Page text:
SFJAZZ Collective

SF Jazz Collective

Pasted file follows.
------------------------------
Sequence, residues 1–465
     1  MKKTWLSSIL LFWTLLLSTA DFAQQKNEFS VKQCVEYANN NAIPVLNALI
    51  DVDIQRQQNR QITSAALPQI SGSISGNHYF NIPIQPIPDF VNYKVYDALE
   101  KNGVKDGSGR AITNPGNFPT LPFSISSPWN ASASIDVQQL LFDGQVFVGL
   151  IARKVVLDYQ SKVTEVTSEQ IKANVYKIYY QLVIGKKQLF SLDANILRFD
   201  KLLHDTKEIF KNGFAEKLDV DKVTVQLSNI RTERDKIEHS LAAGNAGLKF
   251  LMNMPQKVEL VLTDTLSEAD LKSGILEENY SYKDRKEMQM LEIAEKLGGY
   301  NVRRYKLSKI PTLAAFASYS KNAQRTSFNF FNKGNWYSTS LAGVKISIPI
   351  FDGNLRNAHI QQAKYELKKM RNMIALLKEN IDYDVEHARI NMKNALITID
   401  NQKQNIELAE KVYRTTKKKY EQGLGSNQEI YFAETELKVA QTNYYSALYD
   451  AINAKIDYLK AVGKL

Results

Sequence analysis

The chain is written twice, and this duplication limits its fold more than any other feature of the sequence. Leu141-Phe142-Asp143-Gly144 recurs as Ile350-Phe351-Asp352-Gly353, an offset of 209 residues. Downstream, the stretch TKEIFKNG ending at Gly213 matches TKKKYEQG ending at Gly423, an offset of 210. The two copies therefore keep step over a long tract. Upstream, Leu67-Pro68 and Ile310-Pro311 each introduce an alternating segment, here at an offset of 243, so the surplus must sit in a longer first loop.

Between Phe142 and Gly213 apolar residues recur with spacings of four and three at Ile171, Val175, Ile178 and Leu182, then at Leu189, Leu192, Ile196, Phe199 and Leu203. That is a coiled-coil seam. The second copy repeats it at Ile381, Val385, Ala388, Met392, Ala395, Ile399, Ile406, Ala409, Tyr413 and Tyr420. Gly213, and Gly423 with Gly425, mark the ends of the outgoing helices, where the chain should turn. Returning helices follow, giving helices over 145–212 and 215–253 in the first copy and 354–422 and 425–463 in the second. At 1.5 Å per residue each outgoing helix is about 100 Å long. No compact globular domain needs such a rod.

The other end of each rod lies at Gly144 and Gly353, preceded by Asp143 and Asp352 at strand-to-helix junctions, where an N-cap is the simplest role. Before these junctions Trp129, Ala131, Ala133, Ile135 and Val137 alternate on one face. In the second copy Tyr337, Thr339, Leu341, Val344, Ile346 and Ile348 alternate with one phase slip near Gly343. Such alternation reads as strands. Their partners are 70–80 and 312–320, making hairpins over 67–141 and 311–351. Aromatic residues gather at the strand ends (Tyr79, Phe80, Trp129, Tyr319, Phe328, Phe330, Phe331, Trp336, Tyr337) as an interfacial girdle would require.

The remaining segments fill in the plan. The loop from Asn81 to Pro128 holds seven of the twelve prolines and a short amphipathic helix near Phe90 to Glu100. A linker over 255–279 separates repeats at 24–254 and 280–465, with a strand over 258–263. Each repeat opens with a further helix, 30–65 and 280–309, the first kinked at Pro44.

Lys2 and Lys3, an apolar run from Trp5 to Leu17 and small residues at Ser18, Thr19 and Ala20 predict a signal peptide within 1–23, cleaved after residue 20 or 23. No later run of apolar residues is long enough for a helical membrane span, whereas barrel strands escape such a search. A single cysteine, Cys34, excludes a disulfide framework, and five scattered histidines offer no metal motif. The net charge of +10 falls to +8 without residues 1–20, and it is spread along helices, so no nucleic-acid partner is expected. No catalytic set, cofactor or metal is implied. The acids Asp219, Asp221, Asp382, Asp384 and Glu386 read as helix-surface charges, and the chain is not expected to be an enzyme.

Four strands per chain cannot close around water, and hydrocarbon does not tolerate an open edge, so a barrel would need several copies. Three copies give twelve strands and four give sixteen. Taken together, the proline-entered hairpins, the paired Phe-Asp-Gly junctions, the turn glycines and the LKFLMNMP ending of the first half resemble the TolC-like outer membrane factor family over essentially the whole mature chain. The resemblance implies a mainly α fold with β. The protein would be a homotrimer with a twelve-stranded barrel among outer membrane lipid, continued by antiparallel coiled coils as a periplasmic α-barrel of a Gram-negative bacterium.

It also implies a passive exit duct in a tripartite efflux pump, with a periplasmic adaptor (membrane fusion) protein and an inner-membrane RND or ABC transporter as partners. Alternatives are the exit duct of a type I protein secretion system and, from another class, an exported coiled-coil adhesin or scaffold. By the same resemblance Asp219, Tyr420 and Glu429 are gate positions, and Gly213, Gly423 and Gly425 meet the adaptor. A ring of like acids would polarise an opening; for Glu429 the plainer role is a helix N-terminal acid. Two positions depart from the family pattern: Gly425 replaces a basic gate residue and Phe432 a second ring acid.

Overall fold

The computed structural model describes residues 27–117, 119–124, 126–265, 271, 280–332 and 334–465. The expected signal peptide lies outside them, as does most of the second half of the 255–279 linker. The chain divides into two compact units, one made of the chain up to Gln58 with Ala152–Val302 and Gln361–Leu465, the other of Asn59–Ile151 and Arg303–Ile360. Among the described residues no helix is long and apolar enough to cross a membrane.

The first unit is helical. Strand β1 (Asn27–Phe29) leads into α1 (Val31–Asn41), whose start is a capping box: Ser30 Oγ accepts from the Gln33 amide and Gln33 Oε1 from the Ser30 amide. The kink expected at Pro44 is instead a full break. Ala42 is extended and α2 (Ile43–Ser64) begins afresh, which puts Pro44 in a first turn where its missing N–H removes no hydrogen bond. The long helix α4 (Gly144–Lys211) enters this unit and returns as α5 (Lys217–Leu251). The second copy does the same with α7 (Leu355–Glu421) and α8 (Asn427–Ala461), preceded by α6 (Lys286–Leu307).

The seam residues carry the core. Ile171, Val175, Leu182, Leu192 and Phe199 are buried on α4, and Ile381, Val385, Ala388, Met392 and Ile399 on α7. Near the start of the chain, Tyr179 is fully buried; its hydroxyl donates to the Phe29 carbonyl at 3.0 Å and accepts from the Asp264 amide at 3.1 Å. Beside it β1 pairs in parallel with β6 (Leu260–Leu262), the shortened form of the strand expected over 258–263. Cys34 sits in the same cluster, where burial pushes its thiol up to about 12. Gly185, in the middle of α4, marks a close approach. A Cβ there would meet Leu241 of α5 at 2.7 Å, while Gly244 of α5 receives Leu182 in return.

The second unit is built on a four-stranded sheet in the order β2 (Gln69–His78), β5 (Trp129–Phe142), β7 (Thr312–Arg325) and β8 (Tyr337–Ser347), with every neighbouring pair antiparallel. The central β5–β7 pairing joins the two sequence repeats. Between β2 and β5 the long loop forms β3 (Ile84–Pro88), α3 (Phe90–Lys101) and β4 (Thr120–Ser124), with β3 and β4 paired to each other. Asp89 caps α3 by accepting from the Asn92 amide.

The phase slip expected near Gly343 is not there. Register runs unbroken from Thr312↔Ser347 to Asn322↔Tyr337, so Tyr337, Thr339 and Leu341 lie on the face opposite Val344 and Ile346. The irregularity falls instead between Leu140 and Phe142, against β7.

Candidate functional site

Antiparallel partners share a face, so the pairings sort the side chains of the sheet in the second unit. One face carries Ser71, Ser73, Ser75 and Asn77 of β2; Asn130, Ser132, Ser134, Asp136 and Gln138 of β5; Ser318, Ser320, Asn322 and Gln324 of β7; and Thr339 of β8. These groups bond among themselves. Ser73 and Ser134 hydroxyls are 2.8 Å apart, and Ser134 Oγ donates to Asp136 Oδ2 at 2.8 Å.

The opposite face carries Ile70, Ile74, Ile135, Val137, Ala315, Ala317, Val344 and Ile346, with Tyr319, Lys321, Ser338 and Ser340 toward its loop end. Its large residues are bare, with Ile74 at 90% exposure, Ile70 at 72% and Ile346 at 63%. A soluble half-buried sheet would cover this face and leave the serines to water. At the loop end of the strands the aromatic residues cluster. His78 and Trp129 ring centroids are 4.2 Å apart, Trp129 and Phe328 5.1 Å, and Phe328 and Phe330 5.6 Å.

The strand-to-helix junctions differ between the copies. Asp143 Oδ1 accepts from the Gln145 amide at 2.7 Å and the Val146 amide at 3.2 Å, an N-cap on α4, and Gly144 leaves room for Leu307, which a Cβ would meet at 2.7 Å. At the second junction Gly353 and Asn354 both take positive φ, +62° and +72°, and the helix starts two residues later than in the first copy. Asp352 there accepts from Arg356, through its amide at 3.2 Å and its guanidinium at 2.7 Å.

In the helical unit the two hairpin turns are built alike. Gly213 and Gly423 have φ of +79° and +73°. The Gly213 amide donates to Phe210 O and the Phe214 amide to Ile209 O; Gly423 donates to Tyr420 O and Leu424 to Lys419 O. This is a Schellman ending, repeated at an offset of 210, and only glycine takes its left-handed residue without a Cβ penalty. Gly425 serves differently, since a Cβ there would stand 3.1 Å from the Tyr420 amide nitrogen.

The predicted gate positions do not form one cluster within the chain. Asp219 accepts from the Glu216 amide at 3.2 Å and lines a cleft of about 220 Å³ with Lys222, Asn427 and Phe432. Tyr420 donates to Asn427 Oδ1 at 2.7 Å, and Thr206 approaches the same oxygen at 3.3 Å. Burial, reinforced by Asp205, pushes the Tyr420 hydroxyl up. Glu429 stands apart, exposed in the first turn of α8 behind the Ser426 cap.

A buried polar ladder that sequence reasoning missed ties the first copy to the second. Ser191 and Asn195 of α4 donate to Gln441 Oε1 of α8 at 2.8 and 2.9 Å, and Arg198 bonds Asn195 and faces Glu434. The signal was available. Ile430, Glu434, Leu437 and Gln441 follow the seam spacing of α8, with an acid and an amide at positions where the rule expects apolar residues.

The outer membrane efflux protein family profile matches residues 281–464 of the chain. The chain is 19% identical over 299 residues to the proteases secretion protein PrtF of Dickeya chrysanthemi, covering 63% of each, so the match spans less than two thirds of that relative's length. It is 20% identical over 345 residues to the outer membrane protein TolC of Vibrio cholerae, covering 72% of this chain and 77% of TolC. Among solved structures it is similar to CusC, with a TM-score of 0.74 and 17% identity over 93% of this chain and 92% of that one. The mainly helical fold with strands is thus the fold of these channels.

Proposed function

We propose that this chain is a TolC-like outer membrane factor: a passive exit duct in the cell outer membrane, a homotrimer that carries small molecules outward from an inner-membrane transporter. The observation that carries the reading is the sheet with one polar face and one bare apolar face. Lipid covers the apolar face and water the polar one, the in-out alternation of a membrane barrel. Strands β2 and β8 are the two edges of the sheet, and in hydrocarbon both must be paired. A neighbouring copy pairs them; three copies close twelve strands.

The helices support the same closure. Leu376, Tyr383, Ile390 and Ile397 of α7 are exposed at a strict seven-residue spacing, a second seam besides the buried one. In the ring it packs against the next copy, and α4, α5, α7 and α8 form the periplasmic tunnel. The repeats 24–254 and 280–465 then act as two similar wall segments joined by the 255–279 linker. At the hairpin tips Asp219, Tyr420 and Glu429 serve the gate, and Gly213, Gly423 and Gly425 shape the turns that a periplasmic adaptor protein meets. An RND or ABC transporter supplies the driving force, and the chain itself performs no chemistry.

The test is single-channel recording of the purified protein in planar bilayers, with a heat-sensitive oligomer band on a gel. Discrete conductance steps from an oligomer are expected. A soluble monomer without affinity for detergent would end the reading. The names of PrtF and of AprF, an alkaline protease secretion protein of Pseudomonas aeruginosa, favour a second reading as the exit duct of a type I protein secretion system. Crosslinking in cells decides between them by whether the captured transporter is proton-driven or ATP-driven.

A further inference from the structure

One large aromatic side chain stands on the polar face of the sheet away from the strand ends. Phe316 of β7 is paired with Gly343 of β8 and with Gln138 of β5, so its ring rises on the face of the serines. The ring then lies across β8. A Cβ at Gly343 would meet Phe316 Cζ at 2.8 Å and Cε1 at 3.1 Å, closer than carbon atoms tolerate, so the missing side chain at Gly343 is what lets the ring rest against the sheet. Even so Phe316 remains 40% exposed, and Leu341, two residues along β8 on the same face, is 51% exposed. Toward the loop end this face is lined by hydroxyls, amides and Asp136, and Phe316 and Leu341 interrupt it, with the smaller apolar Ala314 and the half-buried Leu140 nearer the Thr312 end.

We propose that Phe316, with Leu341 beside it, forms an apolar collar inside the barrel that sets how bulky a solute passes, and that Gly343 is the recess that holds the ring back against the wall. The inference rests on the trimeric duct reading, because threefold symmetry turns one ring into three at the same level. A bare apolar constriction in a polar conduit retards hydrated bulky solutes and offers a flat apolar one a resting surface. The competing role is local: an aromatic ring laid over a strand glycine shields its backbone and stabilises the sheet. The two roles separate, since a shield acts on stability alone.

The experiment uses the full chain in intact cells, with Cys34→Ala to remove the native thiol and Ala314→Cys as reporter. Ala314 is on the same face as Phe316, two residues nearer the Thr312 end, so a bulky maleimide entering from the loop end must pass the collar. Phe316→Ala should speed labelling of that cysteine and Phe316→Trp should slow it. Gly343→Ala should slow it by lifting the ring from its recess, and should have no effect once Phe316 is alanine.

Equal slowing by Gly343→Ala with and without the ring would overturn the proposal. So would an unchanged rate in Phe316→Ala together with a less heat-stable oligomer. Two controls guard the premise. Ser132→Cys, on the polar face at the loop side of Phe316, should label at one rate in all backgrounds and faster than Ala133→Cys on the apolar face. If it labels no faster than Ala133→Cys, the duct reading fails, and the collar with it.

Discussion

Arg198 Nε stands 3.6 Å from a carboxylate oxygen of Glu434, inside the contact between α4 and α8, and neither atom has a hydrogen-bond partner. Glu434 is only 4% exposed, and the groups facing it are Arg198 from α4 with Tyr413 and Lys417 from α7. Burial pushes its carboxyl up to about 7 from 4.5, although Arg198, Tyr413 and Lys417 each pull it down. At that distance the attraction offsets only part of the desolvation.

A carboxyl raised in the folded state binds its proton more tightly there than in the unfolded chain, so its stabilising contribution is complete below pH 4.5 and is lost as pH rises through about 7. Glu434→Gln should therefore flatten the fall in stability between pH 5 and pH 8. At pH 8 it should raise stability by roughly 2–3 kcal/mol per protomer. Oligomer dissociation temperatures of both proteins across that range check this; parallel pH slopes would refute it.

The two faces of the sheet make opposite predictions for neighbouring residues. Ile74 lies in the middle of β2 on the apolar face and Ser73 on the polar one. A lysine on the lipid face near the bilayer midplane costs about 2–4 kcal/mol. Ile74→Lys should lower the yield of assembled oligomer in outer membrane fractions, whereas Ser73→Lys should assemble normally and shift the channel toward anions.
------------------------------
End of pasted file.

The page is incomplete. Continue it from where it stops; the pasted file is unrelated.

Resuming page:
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In its admirable quest to issue fine recordings regardless of genre or outward commercial appeal, Nonesuch Records has released a live disc of the exciting, cross-generational SF Jazz Collective. This self-titled set is taken from a triple-CD collection available only through its website. The band is a who's who of jazz talent, and includes the venerable vibraphonist Bobby Hutcherson, trumpeter Nicholas Payton, saxophonists Joshua Redman (the group's artistic director), and Miguel Zenón, drummer Brian Blade, pianist Renee Rosnes, bassist Robert Hurst and trombonist Josh Roseman, with arrangements by Gil Goldstein. The group picks the work of a jazz composer's top study every year, and for 2004 it was Ornette Coleman. There are three of his compositions on this release, along with works by bandmembers. The Coleman tunes are revelatory with brilliant work by the two saxophonists. The ensemble is tight, focused, and swings hard. "Peace" is a knotty tune with many twists and turns in its head, it is flawless and inspired. Rosnes does a fine job of piloting the band through the work which wasn't scored with a piano in mind. And in the soloing there is no ego-tripping -- the tune and the band are served. Likewise with the gorgeous "Una Muy Bonita," with its staggered rhythms and bright melodic frame. Hurst's bassing here is the engine, nurturing the rhythm along seamlessly as the front-line players sift and sing through the changes. The interplay between Payton and Zenón is delightful. The originals may not be as memorable as Coleman's, but all are notable. Zenón's "Lingala" opens the set in a minor key head of vibes and Payton's elegiac trumpet before the tune breaks open into virtual song. The bluesy Eastern mode of Redman's "Rise and Fall" with its long, spacious line is just lovely, as is Rosnes' complex, lilting "Of This Day's Journey," with a beautifully tender and empathic solo by Hutcherson. The vibist's playful yet dramatic "March Madness" closes out this disc. It's tensile, quiet opening is turned upside-down a minute in as Hurst begins strutting out front before the front line answers in harmonic counterpoint. Payton's solo, with its taste, fire and supreme melodic sense, is the high point of the tune. This is as impressive a debut as we've heard in recent years, by a band who not only play like one, but who respect the jazz tradition enough to actually extend it with creativity, vision, and sensitivity in the current millennium.

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